Another indication of this sea-change is the way in which we check our progress in reading a book.  With an eBook, depending on platform and device, we may have a progress bar that tells us how much of a book we have read (or a percentage).  This is a different form of observation than visually seeing one’s progress by looking at the text block on the edge of the physical book.  The use of a digital counter is an example of software mediating our experience of reading.  As with the abolition of the page as the unit of navigation, it creates a new awareness that shapes our consciousness in the reading experience.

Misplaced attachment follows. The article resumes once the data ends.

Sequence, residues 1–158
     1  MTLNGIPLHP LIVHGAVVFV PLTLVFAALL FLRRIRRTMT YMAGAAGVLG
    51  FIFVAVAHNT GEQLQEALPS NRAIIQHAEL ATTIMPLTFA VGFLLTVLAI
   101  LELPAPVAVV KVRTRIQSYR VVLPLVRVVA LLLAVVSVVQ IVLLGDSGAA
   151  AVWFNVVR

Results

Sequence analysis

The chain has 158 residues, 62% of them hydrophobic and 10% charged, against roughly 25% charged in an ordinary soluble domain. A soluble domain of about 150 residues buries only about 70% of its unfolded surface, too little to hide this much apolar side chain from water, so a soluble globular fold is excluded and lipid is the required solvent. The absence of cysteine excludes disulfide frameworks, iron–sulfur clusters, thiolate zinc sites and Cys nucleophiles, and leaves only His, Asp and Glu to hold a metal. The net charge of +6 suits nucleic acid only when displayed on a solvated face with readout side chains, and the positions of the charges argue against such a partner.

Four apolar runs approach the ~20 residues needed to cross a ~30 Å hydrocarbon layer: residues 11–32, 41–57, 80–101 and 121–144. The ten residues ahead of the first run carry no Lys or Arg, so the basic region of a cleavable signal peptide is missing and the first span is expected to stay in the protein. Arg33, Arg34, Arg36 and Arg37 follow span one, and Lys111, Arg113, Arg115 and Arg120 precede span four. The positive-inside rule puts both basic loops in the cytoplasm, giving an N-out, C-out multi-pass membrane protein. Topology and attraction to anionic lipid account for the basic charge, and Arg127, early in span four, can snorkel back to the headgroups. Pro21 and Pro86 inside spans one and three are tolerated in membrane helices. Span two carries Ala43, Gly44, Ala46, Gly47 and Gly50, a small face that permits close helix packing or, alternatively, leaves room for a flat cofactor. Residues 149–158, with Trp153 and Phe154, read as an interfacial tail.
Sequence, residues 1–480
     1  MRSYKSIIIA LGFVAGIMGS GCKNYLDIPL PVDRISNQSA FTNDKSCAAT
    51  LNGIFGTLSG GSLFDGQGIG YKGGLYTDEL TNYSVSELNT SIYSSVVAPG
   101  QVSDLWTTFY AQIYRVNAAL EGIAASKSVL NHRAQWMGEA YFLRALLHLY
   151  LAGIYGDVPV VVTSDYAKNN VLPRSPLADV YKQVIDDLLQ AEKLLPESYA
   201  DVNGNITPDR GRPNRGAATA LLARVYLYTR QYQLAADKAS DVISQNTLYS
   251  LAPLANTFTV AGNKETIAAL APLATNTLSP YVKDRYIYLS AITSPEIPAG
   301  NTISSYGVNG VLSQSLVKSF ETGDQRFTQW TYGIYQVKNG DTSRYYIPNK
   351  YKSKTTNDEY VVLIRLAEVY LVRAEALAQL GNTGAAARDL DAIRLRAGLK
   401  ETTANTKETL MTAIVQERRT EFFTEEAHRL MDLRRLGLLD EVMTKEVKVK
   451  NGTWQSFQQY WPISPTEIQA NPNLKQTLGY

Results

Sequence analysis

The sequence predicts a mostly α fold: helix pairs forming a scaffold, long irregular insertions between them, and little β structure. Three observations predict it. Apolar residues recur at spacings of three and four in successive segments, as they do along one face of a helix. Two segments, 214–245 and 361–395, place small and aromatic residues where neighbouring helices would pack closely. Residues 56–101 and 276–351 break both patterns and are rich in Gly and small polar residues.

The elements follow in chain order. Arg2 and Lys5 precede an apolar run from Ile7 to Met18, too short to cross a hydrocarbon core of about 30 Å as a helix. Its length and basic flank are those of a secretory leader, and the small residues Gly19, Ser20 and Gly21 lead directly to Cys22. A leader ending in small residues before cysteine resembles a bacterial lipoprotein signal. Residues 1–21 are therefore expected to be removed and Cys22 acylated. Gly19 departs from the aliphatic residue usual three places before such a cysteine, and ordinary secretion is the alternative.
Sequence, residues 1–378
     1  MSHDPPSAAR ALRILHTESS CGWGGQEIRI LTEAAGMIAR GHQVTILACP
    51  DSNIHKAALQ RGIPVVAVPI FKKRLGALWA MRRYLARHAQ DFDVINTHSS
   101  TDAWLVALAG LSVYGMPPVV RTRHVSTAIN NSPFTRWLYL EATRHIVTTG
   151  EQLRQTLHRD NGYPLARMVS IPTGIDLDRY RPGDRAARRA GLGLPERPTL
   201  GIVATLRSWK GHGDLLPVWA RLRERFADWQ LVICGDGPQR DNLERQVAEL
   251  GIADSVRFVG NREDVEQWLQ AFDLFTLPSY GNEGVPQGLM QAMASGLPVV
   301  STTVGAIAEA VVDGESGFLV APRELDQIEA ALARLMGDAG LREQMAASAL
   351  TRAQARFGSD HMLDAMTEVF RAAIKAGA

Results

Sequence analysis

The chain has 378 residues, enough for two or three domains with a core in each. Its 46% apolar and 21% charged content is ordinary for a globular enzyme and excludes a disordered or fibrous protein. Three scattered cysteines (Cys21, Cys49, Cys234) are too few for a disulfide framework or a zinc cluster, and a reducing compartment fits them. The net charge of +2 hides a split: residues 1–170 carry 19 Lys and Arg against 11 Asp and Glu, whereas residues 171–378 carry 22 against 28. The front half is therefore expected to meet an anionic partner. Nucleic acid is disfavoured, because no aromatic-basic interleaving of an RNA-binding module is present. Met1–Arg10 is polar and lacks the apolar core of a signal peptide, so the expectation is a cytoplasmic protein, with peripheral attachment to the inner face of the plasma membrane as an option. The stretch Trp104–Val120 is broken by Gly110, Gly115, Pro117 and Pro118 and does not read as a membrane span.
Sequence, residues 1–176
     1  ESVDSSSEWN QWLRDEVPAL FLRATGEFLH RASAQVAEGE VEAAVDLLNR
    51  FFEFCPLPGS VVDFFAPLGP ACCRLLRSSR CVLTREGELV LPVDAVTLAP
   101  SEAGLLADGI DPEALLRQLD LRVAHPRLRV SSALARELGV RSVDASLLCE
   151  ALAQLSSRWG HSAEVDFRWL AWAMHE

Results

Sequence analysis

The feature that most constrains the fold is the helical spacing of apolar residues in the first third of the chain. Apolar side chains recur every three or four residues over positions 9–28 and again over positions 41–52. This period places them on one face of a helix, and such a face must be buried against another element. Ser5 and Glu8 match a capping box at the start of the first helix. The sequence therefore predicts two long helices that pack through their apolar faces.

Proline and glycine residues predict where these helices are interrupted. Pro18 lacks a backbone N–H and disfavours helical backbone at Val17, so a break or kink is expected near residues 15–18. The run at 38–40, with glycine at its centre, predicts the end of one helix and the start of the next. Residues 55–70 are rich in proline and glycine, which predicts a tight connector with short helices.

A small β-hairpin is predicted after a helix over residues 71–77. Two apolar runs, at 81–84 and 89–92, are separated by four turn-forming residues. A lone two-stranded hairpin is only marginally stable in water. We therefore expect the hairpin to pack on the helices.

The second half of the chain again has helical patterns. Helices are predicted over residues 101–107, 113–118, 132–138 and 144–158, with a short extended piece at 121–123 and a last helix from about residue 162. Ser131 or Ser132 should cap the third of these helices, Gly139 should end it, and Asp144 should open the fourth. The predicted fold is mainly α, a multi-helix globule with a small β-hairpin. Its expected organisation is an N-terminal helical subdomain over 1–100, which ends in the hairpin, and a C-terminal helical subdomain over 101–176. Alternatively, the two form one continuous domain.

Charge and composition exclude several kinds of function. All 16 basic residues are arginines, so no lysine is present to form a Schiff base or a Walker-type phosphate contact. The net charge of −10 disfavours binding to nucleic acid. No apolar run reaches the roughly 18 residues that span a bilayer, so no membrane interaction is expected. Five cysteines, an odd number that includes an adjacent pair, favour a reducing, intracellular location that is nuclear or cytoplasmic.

One of the benefits of reading is the mental space for memories triggered by the narrative or the ideas in a book.  Reading can also trigger an incredible wealth of thoughts and feelings that are then stored in the brain for future recall.  The child development expert Maryanne Wolf notes that “The mysterious, invisible gift of time to think beyond is the reading brain’s greatest achievement; these built-in milliseconds form the basis of our ability to propel knowledge, to ponder virtue, and to articulate what was once inexpressible — which, when expressed, builds the next platform from which we dive below or soar above.”9  The ability of consciousness to “think beyond” is the fertile ground for memory formation.  The shift from print to eBooks has meant that our use of mnemonic markers to form memories has been completely changed.  Remembering a key event or a character’s memorable lines that happened on page 251 of a print book is much easier to locate than with an eBook; there is a wide consensus on this.  The print copy is an artifact with unique attributes of size, colour, texture, smell, and feel.  Ferris Jabr describes the brain navigating a print text as if it were analogous to a physical landscape: